I think I would have encountered trail magic [anyway], I think that everyone does. But I think that you get a lot more trail magic when you’re a woman alone. The flip side of being seen as weak is that nobody’s threatened by a woman alone. So people open themselves up to you. Also they saw me as vulnerable so they wanted to help me. It was very interesting to experience this endless kindness. When people understand that you are on this wilderness journey, people are so excited about that. Even people who would never want to do it themselves. They kind of want to live it vicariously through you. Any long-distance hiker ends up being a little bit like a celebrity.

Were you underprepared for the experience?

In  a lot of ways I was prepared. I spent months preparing, organizing my boxes, and doing all the planning and stuff. The part that I was really unprepared for was the part about what it was like to really be out on the trail. I certainly could have been way better prepared. For example I could have gone backpacking before. Or tested the equipment. There are all kinds of rules I broke. On the other hand, and others who have hiked long distance will agree with this, there is only a certain amount you can do to be prepared. You can’t replicate hiking for a long, long time unless you hike for a long, long time.

Who would you be if you hadn't taken this trip?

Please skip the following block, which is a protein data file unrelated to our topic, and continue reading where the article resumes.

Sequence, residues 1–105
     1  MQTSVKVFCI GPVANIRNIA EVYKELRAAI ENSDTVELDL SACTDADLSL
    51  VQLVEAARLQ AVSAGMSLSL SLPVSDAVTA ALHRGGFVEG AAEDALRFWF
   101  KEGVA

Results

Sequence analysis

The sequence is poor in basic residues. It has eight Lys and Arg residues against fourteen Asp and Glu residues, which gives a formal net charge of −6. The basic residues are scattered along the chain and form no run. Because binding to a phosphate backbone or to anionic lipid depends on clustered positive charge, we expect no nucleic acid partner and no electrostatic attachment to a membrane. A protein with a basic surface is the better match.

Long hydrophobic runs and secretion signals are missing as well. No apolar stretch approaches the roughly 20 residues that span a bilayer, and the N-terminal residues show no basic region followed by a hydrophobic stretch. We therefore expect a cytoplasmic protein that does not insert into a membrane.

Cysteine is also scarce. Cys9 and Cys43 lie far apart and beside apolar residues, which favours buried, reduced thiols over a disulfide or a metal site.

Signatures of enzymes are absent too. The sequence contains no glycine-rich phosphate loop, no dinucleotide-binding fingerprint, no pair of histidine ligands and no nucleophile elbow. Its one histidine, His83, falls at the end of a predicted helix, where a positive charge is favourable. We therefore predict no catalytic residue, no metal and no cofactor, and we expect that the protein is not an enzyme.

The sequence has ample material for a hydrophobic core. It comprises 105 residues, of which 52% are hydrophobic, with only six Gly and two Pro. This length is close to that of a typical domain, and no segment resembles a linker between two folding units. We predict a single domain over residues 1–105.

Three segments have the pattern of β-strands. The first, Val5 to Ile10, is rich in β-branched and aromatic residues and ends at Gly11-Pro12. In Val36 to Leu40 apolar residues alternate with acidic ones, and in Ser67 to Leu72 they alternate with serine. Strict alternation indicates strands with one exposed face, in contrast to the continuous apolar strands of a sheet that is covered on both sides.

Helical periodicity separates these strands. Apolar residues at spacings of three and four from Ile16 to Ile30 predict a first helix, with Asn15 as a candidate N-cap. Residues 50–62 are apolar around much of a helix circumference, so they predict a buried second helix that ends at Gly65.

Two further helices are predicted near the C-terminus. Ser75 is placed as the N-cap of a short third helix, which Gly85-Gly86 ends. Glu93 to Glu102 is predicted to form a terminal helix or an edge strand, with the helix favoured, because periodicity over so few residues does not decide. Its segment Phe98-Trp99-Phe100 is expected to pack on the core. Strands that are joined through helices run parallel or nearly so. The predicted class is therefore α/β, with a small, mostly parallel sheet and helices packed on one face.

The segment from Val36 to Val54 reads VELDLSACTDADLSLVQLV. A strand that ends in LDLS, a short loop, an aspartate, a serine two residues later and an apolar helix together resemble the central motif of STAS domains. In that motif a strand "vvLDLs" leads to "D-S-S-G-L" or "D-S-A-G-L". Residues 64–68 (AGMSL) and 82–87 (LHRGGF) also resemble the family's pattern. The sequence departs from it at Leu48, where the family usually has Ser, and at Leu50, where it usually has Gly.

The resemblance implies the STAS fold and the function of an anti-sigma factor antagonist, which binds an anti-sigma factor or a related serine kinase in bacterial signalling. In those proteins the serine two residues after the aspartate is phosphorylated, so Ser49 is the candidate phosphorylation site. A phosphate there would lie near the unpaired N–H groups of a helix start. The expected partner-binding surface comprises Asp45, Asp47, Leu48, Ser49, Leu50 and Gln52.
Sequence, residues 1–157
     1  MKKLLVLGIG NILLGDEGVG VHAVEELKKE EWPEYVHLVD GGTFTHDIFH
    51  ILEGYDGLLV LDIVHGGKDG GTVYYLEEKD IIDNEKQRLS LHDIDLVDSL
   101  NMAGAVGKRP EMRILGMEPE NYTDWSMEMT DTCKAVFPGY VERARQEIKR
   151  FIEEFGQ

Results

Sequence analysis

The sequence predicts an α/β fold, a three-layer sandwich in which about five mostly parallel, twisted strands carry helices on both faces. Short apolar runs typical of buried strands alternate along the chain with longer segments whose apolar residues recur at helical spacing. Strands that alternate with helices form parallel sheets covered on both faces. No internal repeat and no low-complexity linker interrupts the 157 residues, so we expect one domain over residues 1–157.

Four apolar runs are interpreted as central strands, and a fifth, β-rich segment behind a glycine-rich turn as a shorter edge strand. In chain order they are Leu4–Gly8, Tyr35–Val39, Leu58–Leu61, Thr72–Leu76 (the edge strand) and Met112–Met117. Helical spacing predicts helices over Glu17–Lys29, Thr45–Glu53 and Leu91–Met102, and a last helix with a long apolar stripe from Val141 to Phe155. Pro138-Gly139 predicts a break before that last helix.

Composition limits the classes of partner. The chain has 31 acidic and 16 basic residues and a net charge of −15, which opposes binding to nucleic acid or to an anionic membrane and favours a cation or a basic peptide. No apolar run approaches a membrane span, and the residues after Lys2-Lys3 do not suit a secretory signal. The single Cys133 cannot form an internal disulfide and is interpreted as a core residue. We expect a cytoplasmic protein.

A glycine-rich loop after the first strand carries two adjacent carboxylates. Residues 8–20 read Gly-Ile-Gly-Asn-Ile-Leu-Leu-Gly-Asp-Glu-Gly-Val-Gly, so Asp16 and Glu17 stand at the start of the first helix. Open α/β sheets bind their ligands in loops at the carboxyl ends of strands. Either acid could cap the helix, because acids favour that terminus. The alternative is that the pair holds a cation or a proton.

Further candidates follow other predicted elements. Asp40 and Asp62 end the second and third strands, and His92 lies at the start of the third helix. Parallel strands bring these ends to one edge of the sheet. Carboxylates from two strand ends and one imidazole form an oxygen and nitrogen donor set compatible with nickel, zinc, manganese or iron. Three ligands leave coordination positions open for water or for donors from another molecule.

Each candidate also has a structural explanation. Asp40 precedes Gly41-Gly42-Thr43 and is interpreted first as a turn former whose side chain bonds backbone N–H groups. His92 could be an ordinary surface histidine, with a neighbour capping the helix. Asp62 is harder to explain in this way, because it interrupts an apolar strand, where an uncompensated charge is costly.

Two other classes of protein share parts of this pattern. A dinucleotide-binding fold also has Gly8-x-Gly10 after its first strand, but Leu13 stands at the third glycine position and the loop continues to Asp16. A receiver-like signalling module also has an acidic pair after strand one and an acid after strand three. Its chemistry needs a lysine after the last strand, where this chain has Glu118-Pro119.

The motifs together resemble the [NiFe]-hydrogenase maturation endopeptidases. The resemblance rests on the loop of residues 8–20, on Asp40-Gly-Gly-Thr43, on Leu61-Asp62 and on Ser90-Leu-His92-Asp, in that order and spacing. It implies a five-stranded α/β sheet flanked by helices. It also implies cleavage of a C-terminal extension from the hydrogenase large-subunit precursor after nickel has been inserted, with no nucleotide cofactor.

I think that if I hadn’t hiked the PCT, I would have found myself out of that sorrow in some other fashion. Maybe the PCT was the hardest and fastest way to sort of shake myself back into the life that I needed to live, so it sort of sped that process along because it was so intense.

You're sure to have wanna-be Imitators who will consider hiking the Pacific Crest Trail. What advice would you give them?

The book’s only been out a day, and already I’ve received a few e-mails from people saying, "I’m going to this. I’m going to do what you did." And it’s funny to me because, on the one hand, that’s wonderful. Because, aside from having kids and marrying my husband, hiking the Pacific Crest Trail is the best thing that I’ve ever done. Absolutely no question. I would do it again in a heartbeat. And I also would recommend to anyone else to do it. But it’s also true that everyone has to find their own journey, their own path, and I don’t know that they necessarily need to follow mine so literally. There are all kinds of journeys that we can go on. And they don’t necessarily even involve leaving your city.

Marjorie Kehe is the Monitor's Books editor.